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Category: Scientific Studies
Date 7-nov-2005
Title Improvement Depression Follows Reduction of UpC Vertebral Subluxation using Orthospinology Technique
Author Genther, GC; Friedman, HL; Studley, CF
Main Condition/ Disease  Depression
Source Journal of Vertebral Subluxation Research-Nov 7th 2005
Abstract A small study of 15 patients with depression and correlating atlas subluxation. Beck Depression Inventory was used before and after a Grostic upper cervical chiropractic correction of the upper cervical sublxation complex using the Orthospinology approach. Results achieved indicated significant improvement in depression test scores (t=3.96, df=14, p<0.001). Data supports hypothesis that correction of the occipito-atlantalaxial subluxation complex may lead to a reduction in depressive symptamology.
Summary According to the authors early chiropractic hospitals in Davenport, Iowa treated patients with various mental illnesses with a geat deal of success. These illnesses included severe disorders like schizophrenia and psychotic depression. Various later studies showed that upper cervical care has had success with conditions such as autism and ADD/ADHD and so it is hypothesized that depression "may also benefit from adjustment of the atlas". Fifteen (15) patients were recruited for this study which have a previous medical history of depression and who also have occipito-atlantoaxial subluxation. Precision upper cervical x-rays were taken and upper cervical adjustments were made using the KH4 Orthospinology instrument. Such instruments do not involve direct touching of the patient by the practitioner. The Beck Depression Inventory II (BDI-II) baseline measurement for depression was used before and after treatment. Results indicate that 11 out of 15 (~73%) patients experienced marked improvement, 2 patients worsened and 2 patients had only a minor improvement in depressive symptoms. Adjustment was limited to C1 (atlas). More research is required as this was a small study and other controls and considerations would need to be made, however it does give an indication that upper cervical chiropractic may well be a suitable treatment protocol for depressive symptamology.

Note: I personally notice that people with so-called mental disorders and kids with learning difficulties show the hallmarks of upper cervival (occipito-atlantal) subluxation. One also has to question, "Why these people also have difficulty walking?" and "Why if one has a mental problem cannot one walk properly?" The answer I contend lies in the correlation between upper cervical sunluxations and pelvic distortion. Thus it stands to reason there is a correlation between mental disorders and upper cervical subluxation. For me it's not a hypothesis any longer.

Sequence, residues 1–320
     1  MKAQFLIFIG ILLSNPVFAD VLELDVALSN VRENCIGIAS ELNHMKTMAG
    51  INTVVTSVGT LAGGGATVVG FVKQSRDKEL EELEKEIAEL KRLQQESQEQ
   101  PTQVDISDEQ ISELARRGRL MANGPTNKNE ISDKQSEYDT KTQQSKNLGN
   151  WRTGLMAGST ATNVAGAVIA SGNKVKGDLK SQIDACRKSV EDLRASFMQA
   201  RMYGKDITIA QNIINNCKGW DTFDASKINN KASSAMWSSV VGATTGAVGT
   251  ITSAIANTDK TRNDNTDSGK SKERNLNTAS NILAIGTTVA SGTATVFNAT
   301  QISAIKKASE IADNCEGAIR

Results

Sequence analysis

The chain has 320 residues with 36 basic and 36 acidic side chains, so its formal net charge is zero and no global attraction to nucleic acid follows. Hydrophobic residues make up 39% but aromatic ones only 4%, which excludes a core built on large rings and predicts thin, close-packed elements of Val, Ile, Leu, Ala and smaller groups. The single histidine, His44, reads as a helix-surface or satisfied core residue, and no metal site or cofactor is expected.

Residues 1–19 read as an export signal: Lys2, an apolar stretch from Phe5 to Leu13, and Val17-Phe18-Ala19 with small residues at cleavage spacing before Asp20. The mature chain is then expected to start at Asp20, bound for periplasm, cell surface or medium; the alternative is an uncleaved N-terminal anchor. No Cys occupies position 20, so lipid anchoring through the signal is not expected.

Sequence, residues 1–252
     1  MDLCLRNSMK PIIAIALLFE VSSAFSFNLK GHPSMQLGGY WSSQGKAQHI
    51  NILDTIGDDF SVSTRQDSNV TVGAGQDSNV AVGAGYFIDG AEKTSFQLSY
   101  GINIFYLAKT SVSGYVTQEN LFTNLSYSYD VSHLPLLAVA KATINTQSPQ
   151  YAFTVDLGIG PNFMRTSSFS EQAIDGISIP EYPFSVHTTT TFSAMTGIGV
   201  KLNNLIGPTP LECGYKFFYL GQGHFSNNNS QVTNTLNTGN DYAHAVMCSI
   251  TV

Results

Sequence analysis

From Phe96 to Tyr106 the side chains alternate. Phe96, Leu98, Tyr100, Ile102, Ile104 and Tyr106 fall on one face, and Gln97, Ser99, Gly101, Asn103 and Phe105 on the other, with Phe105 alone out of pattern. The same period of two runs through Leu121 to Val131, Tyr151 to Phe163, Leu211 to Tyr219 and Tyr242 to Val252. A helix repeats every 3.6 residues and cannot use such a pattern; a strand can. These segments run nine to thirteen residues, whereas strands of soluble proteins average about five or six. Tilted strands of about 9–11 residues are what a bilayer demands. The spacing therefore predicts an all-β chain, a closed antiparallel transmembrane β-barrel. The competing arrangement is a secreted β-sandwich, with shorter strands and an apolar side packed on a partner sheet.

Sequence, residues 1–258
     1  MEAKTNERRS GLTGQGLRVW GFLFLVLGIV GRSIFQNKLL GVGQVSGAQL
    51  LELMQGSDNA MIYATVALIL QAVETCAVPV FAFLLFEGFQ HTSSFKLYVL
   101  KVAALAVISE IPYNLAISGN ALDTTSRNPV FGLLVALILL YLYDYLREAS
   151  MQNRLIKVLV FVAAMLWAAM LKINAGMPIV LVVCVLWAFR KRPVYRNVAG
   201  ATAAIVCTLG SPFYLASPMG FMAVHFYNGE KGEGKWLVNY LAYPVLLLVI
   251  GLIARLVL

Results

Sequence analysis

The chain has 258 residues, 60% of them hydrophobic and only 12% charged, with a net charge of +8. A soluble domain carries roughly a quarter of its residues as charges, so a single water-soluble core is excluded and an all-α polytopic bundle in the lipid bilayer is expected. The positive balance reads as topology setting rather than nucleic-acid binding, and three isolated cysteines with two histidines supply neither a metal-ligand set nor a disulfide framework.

References 1. Quigley, WH. An analysis of 350 emotionally maladjusted individuals under chiropractic care. In Schwartz, U.S. (Ed.), Mental health and chiropractic. New York: Sessions Publishers, 1973: 175-191
2. Quigley, WH. Case histories of mental illness under chiropractic care. Davenport, Iowa: Clear View Sanitarium, 1968
3. Quigley, WH. Pioneering mental health: Institutional psychiatric care in chiropractic. Chiropractic History 1983; 3(1): 69-73
4. Burd D, Hoiriis K, Owens E. Changes in general health status during upper cervical chiropractic care. Aukland, NZ: Proceedings of the world federation of chiropractic, 5th Biennial Congress, 1999
5. Kessinger RC, Boneva DV. Neurocognitive function and the upper cervical spine. Chiropratic Res Journal 1999; 6(2):88
6. Goodman R. Attention Deficit Disorder (ADD) and the Atlas Subluxation Complex. Upper Cervical Monograph 1994; 5(4): 17-18
7. Aguilar AL, Grostic JD, Pfleger B. Chiropractic care and behavior in autistic children. Journal of Clinical Chiropractic Pediatrics 2000; 5(1):293-304.
8. Brzowski W, Walton E. The effects of chiropractic treatment on students with learning and behavioral impairments due to neurological function (Paper presented at the 12th annual conference of the Association of Children with Disabilities). College Station, TX: Psychoeducational and Guidance Services, 1975
9. Williams PL, Warwick R, Dyson M, et al, ed. Gray's anatomy (37th ed.). London: Churchill Livingston, 1989
10. Eriksen K. The Occipito-Atlanto Axial Subluxation Complex (Vol.1). Dothan, Alabama: Chiropractic Health Institute, 2000
11. American Psychiatric Association. Diagnostic and statistical manual of mental disorders (4th ed.). Washington, APA, 1994
12. Beck AT, Steer RA, Brown GK. BDI-II Manual/Test. San Antonio, TX: Harcourt Brace & Company, 1996
Keywords Orthospinology, depression, occipito-atlantoaxial subluxation, upper cervical, Grostic, chiropractic

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